For the full brief, click here.

For more on why the complainants care, click here.

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March 30, 2011

Today, March 31: A Talk on Professional Ethics and Human Rights

Event Notice

“Toward a Unified Theory of Professional Ethics and Human Rights”

 March 31, 2011
12:00 pm- 1:00 pm
Lewis 202

Please join us tomorrow for a talk by Jonathan Marks, human rights lawyer and fellow at the Edmond J. Safra Center for Ethics at Harvard University.

Marks, Associate Professor of Bioethics, Humanities and Law at Penn State University, has worked for years on the issue of complicity of professionals (in particular, doctors, psychologists and lawyers) in torture and detainee abuse in the war on terror.  In this talk, he will discuss his paper on the topic, the first to advance a general unified theory of professional ethics and human rights.

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March 25, 2011

Former GITMO Psychologist Claims to be Named to White House Task Force on “Enhancing the Psychological Well-Being of The Military Family”

Posted by Cara Solomon

UPDATED POST: See comment below.

Larry James, former Guantanamo psychologist and subject of a professional misconduct complaint filed by the International Human Rights Clinic, has claimed he was appointed to a White House Task Force on “Enhancing Psychological Well-Being of The Military Family.”

“That’s just a scary thought,” said Michael Reese, a former U.S. Army private, a member of Disabled American Veterans, and one of the Ohio residents who filed the complaint.  “I just don’t trust him.”

In an e-mail to colleagues and students of Wright State University, where Dr. James serves as Dean of the School of Professional Psychology, he announced “with great pride and pleasure” that he had been “appointed by the First Lady,” and that he would be attending the Task Force’s first meeting at the White House, to be hosted next Tuesday by Mrs. Obama and her staff.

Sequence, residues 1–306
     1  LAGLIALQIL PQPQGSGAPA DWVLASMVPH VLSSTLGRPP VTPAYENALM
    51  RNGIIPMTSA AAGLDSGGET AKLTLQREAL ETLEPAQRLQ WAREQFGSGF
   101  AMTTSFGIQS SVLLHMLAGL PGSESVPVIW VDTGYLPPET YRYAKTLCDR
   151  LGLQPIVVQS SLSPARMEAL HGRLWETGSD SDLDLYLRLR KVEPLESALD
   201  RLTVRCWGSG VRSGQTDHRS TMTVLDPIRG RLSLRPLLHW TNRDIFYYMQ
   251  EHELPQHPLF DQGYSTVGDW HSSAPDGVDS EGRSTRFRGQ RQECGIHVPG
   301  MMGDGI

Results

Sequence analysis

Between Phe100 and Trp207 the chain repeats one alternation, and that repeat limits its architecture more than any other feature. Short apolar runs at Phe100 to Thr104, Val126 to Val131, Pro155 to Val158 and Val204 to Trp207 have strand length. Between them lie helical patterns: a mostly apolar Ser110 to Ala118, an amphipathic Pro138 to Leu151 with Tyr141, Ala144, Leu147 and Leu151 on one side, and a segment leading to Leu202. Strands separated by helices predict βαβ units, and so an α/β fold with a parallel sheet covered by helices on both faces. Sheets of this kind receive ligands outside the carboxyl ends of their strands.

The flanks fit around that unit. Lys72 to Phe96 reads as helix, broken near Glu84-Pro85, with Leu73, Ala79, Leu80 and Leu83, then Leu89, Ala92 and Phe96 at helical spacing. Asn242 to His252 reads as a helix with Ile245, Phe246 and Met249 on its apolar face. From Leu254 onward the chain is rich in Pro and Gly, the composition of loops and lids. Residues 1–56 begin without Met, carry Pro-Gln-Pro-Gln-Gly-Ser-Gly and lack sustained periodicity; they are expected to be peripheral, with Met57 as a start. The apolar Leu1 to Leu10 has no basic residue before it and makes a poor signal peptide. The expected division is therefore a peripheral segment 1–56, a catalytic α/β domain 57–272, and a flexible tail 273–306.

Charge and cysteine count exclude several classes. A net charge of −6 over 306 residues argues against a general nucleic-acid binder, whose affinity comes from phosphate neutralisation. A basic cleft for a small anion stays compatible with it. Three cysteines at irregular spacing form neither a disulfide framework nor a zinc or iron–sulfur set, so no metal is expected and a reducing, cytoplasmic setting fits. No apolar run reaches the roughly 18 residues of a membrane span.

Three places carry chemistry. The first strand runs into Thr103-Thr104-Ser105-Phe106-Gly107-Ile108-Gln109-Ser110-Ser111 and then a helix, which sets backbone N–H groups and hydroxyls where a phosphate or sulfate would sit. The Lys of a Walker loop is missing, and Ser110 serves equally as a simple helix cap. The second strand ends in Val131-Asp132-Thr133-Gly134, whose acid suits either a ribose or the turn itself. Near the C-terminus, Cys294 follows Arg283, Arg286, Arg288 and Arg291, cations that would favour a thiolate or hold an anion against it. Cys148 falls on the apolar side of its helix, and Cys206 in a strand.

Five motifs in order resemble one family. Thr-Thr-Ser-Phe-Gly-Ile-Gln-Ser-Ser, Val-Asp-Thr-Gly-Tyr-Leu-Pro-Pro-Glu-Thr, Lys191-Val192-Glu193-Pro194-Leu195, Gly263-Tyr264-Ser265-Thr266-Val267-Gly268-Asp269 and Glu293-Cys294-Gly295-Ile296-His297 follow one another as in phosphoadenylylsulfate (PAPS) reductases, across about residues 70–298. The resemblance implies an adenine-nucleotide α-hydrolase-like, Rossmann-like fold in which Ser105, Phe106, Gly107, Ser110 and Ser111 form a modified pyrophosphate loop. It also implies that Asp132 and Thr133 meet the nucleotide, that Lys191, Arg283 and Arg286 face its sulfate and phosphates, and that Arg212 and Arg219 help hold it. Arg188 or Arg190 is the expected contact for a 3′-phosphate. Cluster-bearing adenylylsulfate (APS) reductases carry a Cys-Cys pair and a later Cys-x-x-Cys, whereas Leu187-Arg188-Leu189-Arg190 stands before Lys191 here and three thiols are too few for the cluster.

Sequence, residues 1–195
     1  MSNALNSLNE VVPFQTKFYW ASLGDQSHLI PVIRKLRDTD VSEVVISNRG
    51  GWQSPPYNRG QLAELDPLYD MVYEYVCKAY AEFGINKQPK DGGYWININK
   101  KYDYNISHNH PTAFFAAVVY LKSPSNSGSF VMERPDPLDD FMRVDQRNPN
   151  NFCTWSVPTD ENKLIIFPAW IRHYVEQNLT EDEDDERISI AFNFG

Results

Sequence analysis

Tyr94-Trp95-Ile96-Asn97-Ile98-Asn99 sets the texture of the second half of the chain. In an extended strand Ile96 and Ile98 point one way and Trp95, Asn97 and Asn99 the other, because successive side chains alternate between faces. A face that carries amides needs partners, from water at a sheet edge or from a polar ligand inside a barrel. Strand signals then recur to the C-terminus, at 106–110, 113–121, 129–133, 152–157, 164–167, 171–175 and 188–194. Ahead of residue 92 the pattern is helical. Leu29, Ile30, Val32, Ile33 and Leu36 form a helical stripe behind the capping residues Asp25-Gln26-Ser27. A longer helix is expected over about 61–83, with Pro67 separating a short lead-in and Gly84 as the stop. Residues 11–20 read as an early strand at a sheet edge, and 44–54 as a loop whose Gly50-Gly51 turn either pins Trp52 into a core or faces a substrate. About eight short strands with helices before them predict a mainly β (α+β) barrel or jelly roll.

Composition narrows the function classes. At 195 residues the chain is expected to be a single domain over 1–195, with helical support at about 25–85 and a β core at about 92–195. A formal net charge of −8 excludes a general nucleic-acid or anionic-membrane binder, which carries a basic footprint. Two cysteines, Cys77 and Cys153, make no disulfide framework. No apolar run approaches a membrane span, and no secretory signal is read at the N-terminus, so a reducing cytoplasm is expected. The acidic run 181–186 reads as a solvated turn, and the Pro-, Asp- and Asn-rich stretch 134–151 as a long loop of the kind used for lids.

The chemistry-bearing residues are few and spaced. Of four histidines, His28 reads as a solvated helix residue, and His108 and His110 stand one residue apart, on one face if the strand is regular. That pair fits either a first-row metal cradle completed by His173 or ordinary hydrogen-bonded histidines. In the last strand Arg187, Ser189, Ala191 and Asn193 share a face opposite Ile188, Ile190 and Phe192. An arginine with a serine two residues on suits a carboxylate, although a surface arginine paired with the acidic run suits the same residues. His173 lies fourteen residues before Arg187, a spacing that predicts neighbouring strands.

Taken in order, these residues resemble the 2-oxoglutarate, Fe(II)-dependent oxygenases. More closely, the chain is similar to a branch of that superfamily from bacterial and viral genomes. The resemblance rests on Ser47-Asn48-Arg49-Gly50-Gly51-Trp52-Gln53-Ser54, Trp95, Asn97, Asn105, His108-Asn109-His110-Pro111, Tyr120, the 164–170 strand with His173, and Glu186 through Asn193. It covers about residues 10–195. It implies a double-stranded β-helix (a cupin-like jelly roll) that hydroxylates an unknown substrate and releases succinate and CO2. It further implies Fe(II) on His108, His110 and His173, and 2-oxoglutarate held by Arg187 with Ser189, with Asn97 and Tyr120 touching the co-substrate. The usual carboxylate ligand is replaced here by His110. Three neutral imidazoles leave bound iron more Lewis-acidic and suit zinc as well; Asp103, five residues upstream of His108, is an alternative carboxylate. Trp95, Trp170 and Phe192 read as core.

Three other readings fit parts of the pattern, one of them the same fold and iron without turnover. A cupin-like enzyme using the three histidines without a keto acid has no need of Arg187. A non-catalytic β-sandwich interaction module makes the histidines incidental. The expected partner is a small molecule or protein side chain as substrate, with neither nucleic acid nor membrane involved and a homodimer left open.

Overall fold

In a Salon post today, Glenn Greenwald asks:

“Of all the psychologists to choose from, why would they possibly choose to honor and elevate the former chief psychologist of Guantanamo and Abu Ghraib at the height of the Bush abuses?  More disturbing still, among those most damaged by detainee abuse are the service members forced to participate in it; why would the White House possibly want to put on a task force about the health of military families someone, such as Dr. James, who at the very least is directly associated with policies that so profoundly harmed numerous members of the military and their families?”

UPDATE (3/26/2011)

Today, Greenwald received an interesting response from the White House in which it disputes some—but not all—of Dr. James’s statements.  As a result of this response, we changed the language in the headline from “Named to White House Task Force” to “Claims to Be Named to White House Task Force,” and, in the text, changed the wording of the first paragraph from “reportedly appointed” to “claims he was appointed.”  We also included additional quotes from the e-mail circulated by Dr. James to the Wright State University School of Professional Psychology community.

In an update this afternoon, Greenwald wrote:

“In an email to me from the First Lady’s Communications Director, the White House claims:

Several members of the White House staff are convening a meeting with multiple mental health professionals on Tuesday to discuss issues pertaining to the wellness of military families.  SAMHSA and the American Psychological Association have both been asked to attend.  We understand that Dr. James is involved with these groups and may have been indirectly invited to attend this meeting.

She claims, however, that he now will not be at that meeting, and further states that ‘Dr. James has not been appointed to serve in any capacity with the White House.'”